Railroad by Becky Brown
Railroad can symbolize the end of the Underground Railroad, a change in the strategy of escape from slavery.
At the end of May, 1861, Union General Benjamin Butler refused to return three escaped slaves to a Confederate officer, disobeying the Federal law known as the Fugitive Slave Act, which dictated that runaways must be returned to their owners. Because Virginia was at war with the United States, Butler confiscated the slaves, declaring them contraband of war.
This Union cartoon lampooning one of the FFV's
(First Families of Virginia) was printed on an envelope.
Printers created a variety of humorous and patriotic stationery for both sides.
The news of Butler's decision spread throughout Virginia. Within two months he reported he was sheltering and feeding hundreds of refugees called "contrabands," who sought asylum with Butler's army at Fortress Monroe.
Contrabands, Newport News, 1861, drawing by Alfred R. Waud.
Butler, an attorney from Massachusetts, had long been an anti-slavery advocate. In his report on the contraband situation in July he wrote:
"I have, therefore, now within the peninsula, this side of Hampton Creek, nine hundred negroes, three hundred of whom are able-bodied men, thirty of whom are men substantially past hard labor, one hundred and seventy-five women, two hundred and twenty-five children under the age of ten years, and one hundred and seventy between ten and eighteen years, and many more coming in....My duty as a humane man is very plain. I should take the same care of these men, women, and children, houseless, homeless, and unprovided for, as I would of the same number of men, women, and children, who, for their attachment to the Union, had been driven or allowed to flee from the Confederate States...."
Timothy O'Sullivan photographed refugees fording
the Rappahannock River in 1862. People continued to seek shelter with
the Union Armies throughout the war. Many camps held thousands.
Butler's decision changed the refugees's status as well as their strategies. No longer forced to make their way alone to a Northern state, slaves poured into Union Army camps in the South. The days of the Underground Railroad were over as contrabands replaced runaways.
The Railroad block is BlockBase #1312
Cutting an 8" Finished Block
A Cut 1 medium and 1 dark square 4-7/8". Cut each in half diagonally. You need 2 medium and 2 dark triangles.
B Cut 4 light and 4 dark squares 2-1/2".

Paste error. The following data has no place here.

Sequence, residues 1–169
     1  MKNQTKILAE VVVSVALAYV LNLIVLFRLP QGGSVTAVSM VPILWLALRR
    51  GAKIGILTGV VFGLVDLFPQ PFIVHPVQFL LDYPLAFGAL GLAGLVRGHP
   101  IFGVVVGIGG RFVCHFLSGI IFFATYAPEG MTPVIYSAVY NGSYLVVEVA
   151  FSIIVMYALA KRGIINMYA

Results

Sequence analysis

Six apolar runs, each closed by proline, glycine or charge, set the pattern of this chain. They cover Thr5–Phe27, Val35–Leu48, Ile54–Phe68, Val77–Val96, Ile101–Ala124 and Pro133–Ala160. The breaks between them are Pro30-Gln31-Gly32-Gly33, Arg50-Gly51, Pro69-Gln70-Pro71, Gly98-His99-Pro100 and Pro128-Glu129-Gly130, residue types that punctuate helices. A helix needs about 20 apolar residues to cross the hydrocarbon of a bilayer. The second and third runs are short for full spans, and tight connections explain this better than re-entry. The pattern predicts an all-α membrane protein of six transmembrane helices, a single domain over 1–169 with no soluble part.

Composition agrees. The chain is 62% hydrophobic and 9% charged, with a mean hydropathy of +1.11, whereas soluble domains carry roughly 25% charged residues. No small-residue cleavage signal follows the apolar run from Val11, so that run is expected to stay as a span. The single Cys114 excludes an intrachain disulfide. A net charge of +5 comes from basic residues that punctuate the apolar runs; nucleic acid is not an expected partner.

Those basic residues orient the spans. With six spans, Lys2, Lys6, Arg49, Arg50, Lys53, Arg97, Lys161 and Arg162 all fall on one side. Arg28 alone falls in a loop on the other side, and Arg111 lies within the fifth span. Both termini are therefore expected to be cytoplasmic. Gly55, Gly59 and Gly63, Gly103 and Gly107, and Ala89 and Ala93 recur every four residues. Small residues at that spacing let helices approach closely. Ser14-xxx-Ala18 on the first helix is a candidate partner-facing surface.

The block, which creates a strong diagonal line across the quilt, has many published names including Railroad, Railroad Crossing and Jacob's Ladder.
Ruth Finley gave the pattern the name Railroad Crossing in 1929 in her book Old Patchwork Quilts. Here's a tattered version from about 1900. Finley also pictured a nine-patch variation she called Underground Railroad in that book.
Underground Railroad Nine Patch block by Gloria Clark.
See more photographs documenting the faces of people held in slavery by clicking on this PDF from the National Humanities Center Resource Toolbox
Two humorous envelopes on the subject of Butler's decision.
In the lower cartoon the refugee running towards Fortress Monroe shouts at his former master, "Can't Come Back No How, Massa. Dis chile's CONTRABAN."
The "humor" in the dialect may not translate today but the cartoons as stationery show the effect of Butler's ruling in the popular culture.
See more of these Civil War envelopes or covers in the collection of the Library Company of Philadelphia by clicking here:
jolies réalisations !!!!!
I am really enjoying reading the history around each block and the war in general. In Australia we were taught about the Civil War but not in great depth. I have been collecting the blocks and will make them one day. Thank you.
This was a nice, easy block to do. I posted a picture along with a how-to on my blog.
I am 74 in the us, and I did not learn all this in History class either. I love reading this stuff as it relates to quilting.
I was taught about the Underground Railroad, etc in several classes in public school in the 50s and 60s. I was intrigued. I was living in the South and frankly, i never connected those events to the blatant segregation that was all around me-----in those days, kids did comment, question, etc. But I saw and remember. Im so glad 'change is a-coming'. Im nearly 70, a white proud female and four of my grandkids are bi-racial. Some of my closest friends are international and are Muslun, Hindu, etc. All that being said (and im a retired teacher), i read about 15 tears ago that the stories told/shown during the Civil War was an urban legend and there is no documentation-----only passed down stories. Just wondering-----anyone know for sure. Id prefer to believe there were maps, houses, etc "seen" in these quilts. Thanks in advance.
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